FIGS. 3A-C illustrate the time sequence advantages of the current invention. In FIGS. 3A-3C, the relative time required to read a frame of video signal is indicated by the width of the numbered boxes (such as groups of pixels G01, G24, etc).
 An advantage of the present invention is that efficiency and parallelism in reading pixels allow for a faster frame rate without a faster pixel conversion rate. As used herein, the term "frame rate" is the reciprocal of the time from the beginning of one frame of video signal to the beginning of the next frame of video signal. Pixel rate is the inverse of the time from the readout of one pixel to the readout of the next pixel.
 The first number in each box refers to the group of pixels (such as first or second group). In prior art, there is no grouping of pixels, and the group number is designated by 0, such as G01. The second number in each box refers to the frame number. In some boxes, there is a third number (preceded by a decimal point). This number refers to a part of a frame for the group of pixels. For example, box G21.2 refers to the time interval required to read the second group of pixels, first frame, second part of frame. The timing advantage of the current invention is illustrated by the fact that boxes G11 and G21 (or G12 and G22, etc) are shorter than box G01.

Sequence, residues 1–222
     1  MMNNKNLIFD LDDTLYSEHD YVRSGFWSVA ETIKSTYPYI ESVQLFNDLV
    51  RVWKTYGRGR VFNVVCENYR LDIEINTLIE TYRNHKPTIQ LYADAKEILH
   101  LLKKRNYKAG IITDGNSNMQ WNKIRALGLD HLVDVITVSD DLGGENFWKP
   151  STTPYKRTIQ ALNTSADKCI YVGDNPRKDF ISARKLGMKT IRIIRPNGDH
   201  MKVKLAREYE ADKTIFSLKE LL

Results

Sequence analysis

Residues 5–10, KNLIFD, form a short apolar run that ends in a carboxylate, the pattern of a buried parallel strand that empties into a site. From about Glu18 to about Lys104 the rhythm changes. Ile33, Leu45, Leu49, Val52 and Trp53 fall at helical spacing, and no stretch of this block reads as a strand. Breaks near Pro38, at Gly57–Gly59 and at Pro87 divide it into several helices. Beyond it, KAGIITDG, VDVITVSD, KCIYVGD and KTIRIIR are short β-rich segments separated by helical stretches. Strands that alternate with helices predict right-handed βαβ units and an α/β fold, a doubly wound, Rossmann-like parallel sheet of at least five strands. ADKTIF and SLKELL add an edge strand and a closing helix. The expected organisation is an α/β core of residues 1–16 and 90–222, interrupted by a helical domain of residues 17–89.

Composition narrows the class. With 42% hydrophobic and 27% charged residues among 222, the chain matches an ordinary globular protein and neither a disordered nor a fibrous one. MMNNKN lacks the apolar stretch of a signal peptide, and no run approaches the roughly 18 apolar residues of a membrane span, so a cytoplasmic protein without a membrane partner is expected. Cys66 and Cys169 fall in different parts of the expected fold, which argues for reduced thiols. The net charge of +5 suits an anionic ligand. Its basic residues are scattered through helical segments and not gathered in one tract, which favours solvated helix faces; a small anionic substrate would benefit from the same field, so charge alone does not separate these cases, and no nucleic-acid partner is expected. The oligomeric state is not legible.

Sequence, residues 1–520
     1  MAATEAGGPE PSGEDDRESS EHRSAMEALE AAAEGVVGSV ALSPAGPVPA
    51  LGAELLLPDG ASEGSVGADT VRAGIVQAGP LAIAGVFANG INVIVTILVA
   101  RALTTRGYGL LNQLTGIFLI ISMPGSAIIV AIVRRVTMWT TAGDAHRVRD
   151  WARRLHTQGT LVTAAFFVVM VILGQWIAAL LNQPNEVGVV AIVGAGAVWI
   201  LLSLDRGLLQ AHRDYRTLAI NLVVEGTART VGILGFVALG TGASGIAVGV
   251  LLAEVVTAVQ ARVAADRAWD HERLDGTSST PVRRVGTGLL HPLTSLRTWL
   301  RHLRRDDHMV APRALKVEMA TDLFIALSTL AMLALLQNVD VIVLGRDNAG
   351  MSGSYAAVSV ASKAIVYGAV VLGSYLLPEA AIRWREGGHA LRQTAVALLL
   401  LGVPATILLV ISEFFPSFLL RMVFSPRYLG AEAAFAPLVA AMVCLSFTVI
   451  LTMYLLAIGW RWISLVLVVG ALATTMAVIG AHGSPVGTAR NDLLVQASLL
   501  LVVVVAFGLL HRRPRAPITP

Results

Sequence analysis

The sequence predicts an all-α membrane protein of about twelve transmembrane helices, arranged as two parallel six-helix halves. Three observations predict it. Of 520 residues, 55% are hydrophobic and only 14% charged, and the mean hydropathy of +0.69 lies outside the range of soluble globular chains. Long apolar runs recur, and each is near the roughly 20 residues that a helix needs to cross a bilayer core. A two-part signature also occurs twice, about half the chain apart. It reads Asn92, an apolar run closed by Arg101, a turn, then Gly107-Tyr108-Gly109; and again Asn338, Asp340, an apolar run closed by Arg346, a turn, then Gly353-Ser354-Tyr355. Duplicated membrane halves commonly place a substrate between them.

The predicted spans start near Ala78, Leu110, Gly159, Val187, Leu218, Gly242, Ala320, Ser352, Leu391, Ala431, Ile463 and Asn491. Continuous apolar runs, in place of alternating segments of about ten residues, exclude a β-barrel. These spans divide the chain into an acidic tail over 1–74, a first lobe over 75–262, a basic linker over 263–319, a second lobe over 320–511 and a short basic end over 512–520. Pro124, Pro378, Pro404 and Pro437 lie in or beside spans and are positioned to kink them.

FIG. 3A refers to prior art, where groups of pixels for both preview and analysis are read out in a single frame. In this figure, the stream of the prior art time interval 150 is broken into successive frames. Each frame G01 through G05, contains the data for both video preview and for other analysis, such as AF. Because video preview and AF have distinct needs, optimally serving the needs of both functions requires more pixels to be read out than are needed for either function alone.